But even if we grant – what seems exceedingly implausible – that Mass versus populum is a better way of representing the sacrificial nature of the Eucharist, there remains more to consider. The question of Christian sacrifice, like that of “facing Christ,” distracts from what I believe is the soundest justification for the traditional eastward orientation: a common orientation of priest and people when addressing God symbolizes the end or telos of the liturgy. That end, according to the economy of salvation, is ascribed not to Christ but to the transcendent Father, the source of the Godhead.

The Latin theological tradition views the liturgical re-presentation of Christ’s sacrifice (however conceived) as an offering of the whole Christ, Head and members, to the Father through (and with) the Son in the Holy Spirit.[6] In the Roman Canon as well as in the other Eucharistic Prayers of the modern Roman Rite, the First Person of the Trinity, God the Father, appears as both the starting point (principium a quo) and the end (terminus ad quem) of the Eucharistic action, while Christ, the incarnate Son, appears there as High Priest, through whose mediation the Father has been gracious to us and we render praise and glory to Him. In contrast, but not in disagreement, with the Western structure of liturgical prayer, the traditional Eastern liturgical prayer ends with the words: “For unto Thee are due all glory, honor, and worship, to the Father, and to the Son and to the Holy Spirit, now and ever, and unto ages of ages. Amen.” From this I reason that the celebration of Mass facing ad orientem symbolizes a movement not only toward the “east” of Christ, but also toward the Father through, with, and in Christ (“Per ipsum, et cum ipso, et in ipso...”).

Whether the traditional topography reflects an outmoded theology of Eucharistic sacrifice, or neglects the true presence of Christ in the assembly, are questions that can be argued in good faith until the Parousia. To some extent, these questions distract from what I consider to be the real question at hand: Which liturgical typography, versus absidem or versus populum, better symbolizes the inner dynamic or Christocentric-Trinitarian movement of the liturgy? A common orientation of priest and people toward a transcendent reference point, it seems, comports well with the fact that it is not Christ but the Father who is terminal in man’s relation to the triune God: the Father is the “end” of liturgical orientation. That, I believe, is the most significant of all the theological reasons for the traditional orientation.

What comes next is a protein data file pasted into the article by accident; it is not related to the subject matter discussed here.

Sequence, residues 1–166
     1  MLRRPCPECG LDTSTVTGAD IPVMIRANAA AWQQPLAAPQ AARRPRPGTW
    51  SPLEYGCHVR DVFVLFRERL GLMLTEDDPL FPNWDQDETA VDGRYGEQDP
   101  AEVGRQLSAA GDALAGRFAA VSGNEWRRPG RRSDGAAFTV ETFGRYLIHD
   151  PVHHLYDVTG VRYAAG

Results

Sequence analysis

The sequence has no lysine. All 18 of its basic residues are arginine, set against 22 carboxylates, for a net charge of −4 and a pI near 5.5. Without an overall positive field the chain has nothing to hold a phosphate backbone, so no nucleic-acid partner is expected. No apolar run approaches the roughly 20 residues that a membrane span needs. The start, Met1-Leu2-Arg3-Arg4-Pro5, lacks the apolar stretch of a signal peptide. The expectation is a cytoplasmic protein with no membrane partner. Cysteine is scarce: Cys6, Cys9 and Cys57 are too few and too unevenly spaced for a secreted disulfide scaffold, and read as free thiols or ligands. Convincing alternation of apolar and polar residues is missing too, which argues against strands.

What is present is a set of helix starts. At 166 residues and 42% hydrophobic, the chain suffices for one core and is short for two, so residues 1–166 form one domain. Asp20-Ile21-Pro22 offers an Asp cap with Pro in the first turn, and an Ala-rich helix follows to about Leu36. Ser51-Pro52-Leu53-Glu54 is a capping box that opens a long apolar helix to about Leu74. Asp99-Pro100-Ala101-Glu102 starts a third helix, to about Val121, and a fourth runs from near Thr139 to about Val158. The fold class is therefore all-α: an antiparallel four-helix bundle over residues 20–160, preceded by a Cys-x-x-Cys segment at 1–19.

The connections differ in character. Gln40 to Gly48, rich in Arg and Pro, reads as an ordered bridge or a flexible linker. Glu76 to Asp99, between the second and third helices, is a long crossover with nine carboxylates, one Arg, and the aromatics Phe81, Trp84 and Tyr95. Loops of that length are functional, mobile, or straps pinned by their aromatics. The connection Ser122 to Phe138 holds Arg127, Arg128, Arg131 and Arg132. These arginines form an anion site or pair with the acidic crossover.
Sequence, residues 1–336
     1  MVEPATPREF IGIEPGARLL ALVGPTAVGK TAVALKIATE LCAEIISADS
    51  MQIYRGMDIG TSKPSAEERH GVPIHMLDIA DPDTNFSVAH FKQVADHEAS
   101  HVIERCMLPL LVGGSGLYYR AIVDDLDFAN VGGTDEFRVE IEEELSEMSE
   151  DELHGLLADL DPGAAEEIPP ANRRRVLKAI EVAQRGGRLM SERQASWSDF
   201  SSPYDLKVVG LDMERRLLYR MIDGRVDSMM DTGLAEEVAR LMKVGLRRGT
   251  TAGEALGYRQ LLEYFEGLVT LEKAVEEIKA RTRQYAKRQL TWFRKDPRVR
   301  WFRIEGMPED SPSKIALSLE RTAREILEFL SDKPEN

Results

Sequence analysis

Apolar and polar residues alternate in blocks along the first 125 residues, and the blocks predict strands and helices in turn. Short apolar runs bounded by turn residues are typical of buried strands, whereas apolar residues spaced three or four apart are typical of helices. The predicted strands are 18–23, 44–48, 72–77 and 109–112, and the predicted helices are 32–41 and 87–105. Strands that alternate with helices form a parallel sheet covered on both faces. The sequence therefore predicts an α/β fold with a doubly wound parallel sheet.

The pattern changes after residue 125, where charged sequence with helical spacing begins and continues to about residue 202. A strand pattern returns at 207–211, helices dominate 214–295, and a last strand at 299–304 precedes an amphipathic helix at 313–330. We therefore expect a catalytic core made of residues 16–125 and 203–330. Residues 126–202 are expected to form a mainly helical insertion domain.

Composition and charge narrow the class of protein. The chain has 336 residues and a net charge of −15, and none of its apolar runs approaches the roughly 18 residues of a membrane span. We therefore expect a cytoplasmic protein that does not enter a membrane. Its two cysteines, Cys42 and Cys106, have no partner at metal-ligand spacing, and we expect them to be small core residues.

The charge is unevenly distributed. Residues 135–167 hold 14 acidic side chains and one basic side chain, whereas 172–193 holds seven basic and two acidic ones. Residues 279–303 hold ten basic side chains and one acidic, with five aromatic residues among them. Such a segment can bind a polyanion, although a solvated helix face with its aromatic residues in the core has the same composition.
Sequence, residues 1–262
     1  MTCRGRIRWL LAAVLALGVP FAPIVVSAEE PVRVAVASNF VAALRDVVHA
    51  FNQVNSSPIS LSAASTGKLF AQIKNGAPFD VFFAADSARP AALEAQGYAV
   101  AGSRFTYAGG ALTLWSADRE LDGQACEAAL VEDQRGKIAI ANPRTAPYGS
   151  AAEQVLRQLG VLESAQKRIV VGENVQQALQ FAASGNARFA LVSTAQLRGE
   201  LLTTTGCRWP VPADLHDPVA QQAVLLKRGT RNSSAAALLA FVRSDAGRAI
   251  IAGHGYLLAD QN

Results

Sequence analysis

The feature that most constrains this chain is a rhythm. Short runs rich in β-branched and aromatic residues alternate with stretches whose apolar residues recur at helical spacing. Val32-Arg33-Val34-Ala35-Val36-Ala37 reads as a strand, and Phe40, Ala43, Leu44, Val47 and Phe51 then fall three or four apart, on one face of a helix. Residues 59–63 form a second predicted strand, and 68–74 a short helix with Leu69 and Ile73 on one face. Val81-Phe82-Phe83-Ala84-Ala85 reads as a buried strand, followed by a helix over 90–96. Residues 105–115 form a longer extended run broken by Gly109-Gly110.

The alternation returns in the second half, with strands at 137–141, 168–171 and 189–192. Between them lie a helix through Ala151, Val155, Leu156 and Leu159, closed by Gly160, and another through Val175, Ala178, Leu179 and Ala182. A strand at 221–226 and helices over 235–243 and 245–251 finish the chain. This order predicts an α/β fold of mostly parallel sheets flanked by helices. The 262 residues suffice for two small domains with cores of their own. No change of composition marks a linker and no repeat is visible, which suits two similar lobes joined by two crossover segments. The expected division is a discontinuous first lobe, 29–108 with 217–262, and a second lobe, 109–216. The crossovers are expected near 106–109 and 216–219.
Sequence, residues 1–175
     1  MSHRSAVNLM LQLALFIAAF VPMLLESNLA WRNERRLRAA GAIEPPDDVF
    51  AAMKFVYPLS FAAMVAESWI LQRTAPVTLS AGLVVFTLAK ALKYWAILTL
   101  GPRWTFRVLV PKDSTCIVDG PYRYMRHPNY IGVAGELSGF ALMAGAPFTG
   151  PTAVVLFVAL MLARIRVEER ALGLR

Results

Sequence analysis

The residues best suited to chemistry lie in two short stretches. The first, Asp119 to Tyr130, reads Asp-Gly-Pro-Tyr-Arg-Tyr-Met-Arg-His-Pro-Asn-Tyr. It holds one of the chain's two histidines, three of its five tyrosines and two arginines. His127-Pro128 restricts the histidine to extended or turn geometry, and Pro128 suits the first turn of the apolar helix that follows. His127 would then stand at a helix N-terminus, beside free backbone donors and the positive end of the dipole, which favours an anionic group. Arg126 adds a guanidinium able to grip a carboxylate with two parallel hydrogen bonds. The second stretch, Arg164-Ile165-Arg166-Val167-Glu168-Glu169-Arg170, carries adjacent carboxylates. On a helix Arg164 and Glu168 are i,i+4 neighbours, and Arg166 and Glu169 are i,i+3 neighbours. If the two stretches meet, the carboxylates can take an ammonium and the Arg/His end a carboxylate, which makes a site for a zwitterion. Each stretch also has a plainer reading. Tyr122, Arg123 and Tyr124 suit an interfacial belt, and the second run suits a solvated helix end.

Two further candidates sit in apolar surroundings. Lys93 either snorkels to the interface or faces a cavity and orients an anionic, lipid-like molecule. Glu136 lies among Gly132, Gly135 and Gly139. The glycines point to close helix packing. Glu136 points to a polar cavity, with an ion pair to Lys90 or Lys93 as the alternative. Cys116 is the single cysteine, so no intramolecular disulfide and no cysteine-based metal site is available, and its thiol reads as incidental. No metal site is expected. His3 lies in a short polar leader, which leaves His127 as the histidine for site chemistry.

[1] James F. White, Roman Catholic Worship: Trent to Today (Pueblo/Liturgical Press, 2003), p. 125.

[2] Timothy (Bishop Kallistos) Ware, The Orthodox Church (Penguin Books, 1963; reprint 1983), p. 278: "The worship of the Orthodox Church is communal and popular. [...] Orthodox laity do not use the phrase 'to hear Mass', for in the Orthodox Church the Mass has never become something done by the clergy for the laity, but is something which clergy and laity perform together. [...] In the Orthodox Church, where the Liturgy has never ceased to be a common action performed by priest and people together, the congregation do not come to church to say their private prayers, but to pray the public prayers of the Liturgy and to take part in the action of the rite itself."

[3] John F. Baldovin, "Idols and Icons: Reflections on the Current State of Liturgical Reform," Worship 84 no. 5 (Sept. 2010): 386-402, here at 396.

[4] Ibid., 396-97.

[5] E.g. Irenaeus, Adversus haereses III, 18, 7.

[6] Cyprian Vagaggini, OSB, treats of this at length in the chapter 7 of Theological Dimensions of the Liturgy ("From the Father, through Christ, in the Holy Spirit, to the Father: The Liturgy and the Christological-Trinitarian Activity in the Divine Plan"). Eng. trans. Liturgical Press, 1976.